That is what the calling of the Twelve represents. Jesus is the leader, but the crowds are limiting where He can go and how much He can do when He gets there. So Jesus commissions others to do the work. Leaders must ask for others to be involved. But, as Jesus shows us, He does not leave them to fend for themselves. He molds them (literally, makes them), by being involved with them and investing Himself in their lives. But I want you to notice one more aspect from these verses. Twelve names are listed here (and in the other lists where their names are given). But most of these names are never mentioned again outside of the lists. (I am aware the names are different in other lists, but this is most likely explained by nicknames.) We hear a great deal about Peter, James, and John. But very little about Andrew. We have a couple of mentions of Thomas. The story of Levi being called, but otherwise, apart from Judas Iscariot, the rest are nameless elsewhere in Scripture. Does that mean that they are not important? Does that mean that they did not follow Jesus faithfully and serve Him well as an apostle? No, it doesn’t mean that at all. How do I know? Revelation Chapters 4 and 5 mention the twenty-four elders surrounding the throne. These twenty-four are almost certainly representing the twelve tribes or Israel and the twelve apostles, all twenty four of whom were ordained, so to speak, by God. So, many great servants will not ever be known on this earth. But what does that matter if our true reward is in heaven?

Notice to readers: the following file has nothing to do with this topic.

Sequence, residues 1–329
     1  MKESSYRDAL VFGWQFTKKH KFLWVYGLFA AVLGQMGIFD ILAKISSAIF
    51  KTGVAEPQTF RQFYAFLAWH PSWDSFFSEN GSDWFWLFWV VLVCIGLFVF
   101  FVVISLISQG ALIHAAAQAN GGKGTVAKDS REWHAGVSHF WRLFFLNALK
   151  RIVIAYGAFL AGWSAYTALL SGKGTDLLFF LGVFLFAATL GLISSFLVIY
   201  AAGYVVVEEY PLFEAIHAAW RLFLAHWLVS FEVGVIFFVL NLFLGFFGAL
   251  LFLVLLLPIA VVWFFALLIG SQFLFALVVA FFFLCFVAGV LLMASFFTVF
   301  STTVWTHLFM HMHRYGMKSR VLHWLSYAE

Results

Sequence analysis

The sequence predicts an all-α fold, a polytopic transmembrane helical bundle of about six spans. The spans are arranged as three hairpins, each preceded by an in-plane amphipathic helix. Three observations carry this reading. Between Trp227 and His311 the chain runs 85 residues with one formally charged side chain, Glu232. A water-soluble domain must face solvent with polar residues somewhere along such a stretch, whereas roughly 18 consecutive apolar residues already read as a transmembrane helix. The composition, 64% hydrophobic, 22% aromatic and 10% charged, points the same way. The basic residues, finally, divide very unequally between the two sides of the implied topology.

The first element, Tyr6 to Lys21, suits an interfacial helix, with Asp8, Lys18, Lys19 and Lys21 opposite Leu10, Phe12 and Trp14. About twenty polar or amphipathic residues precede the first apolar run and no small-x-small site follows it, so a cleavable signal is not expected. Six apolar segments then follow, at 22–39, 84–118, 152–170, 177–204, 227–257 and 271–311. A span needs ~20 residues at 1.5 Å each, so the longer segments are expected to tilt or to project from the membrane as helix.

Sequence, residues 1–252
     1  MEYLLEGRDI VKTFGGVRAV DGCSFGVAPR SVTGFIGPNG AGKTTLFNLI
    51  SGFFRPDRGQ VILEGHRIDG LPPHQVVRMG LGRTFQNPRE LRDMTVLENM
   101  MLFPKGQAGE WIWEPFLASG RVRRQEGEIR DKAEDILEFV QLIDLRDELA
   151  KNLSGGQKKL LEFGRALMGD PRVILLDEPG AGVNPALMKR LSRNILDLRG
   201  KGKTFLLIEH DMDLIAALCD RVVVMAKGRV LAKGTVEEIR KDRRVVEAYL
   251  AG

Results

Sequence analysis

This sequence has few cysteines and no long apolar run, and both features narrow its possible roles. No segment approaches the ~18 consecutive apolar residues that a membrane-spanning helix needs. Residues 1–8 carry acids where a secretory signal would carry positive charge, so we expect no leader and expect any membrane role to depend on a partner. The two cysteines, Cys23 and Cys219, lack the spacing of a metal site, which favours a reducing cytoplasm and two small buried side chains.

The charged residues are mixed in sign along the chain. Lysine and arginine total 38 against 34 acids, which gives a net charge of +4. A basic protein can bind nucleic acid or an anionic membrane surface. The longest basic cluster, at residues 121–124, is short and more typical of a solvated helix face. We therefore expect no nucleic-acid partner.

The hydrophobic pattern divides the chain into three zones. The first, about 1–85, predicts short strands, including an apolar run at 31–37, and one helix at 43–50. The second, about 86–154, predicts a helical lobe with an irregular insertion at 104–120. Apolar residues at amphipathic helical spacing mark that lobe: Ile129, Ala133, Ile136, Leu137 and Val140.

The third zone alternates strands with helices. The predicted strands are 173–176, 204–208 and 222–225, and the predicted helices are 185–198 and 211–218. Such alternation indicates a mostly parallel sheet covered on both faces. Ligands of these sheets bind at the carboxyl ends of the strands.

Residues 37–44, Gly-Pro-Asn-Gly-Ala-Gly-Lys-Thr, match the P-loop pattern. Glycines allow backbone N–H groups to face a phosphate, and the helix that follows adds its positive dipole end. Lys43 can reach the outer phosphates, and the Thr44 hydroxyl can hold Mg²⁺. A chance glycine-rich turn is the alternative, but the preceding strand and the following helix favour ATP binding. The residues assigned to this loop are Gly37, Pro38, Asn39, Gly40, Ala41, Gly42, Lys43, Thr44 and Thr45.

Leaders must avoid distractions (Mark 3.20-21).

These next two points are a part of what is called a Markan sandwich. Mark uses this technique frequently in His writing to build suspense or allow something to develop. This is the first direct instance in this book, although I would argue that Mark 1.1 and Mark 15.39 form a full-size sandwich given the use of the Christological title, the “Son of God.”

Family is important to many today, but nothing like it was for the Jews of yesteryear. Consider these two questions. Where did your ancestors live in the year 700 AD? Will your descendants still live in the same area you do in the year 3300? No, and you wouldn’t expect them to. But the people that lived in Galilee, Jerusalem, etc. in Jesus day were the descendants of Joshua, Caleb and the other Israelites that had come across the Jordan despite having been taken captive and removed from the area for a time.